The Making of North Korean Americans in the Afterlife of U.S. Cold War Cultural Politics
Wednesday, November 16, 2022
12:00 pm - 1:30 pm
This talk examines some of the cultural and legal ways North Korean refugees are now being groomed to become an assimilable population to the United States, with a focus on two Korean American texts that were published in 2015: North Korean defector Yeonmi Park’s memoir, In Order to Live: A North Korean Girls’ Journey to Freedom, and Korean American writer Suki Kim’s investigative journalism book, Without You There is no Us: My Time with the Sons of North Korea’s Elite. I argue that the North Korean people are increasingly being recognized and imagined as a potential next wave of immigrant Americans, or, more precisely, Asian Americans, even though there is a simultaneous political and societal refusal to practically actualize this possibility. My analysis demonstrates that contemporary representations of North Korea tend to narrativize a Cold War legacy pattern of rehabilitation. Recognizing this calls on us to re-think current humanitarian and human rights frameworks in conceptualizing North Koreans, the subject division between immigrant/refugee, and the function of “empathy” in producing a North Korean subject in the American imaginary.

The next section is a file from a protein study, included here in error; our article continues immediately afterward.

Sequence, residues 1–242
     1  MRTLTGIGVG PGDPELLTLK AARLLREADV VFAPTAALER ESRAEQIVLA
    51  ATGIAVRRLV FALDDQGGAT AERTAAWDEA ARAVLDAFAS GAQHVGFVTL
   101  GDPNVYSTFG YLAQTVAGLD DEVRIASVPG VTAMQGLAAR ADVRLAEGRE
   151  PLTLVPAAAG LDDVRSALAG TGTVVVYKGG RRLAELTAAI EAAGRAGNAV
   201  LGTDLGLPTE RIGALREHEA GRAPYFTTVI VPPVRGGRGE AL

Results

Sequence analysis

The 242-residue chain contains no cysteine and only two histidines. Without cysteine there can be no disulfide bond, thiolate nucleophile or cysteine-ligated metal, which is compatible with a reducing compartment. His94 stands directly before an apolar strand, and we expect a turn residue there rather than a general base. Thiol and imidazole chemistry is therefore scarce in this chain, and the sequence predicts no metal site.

Speaker: Na-Rae Kim, University of Connecticut-Storrs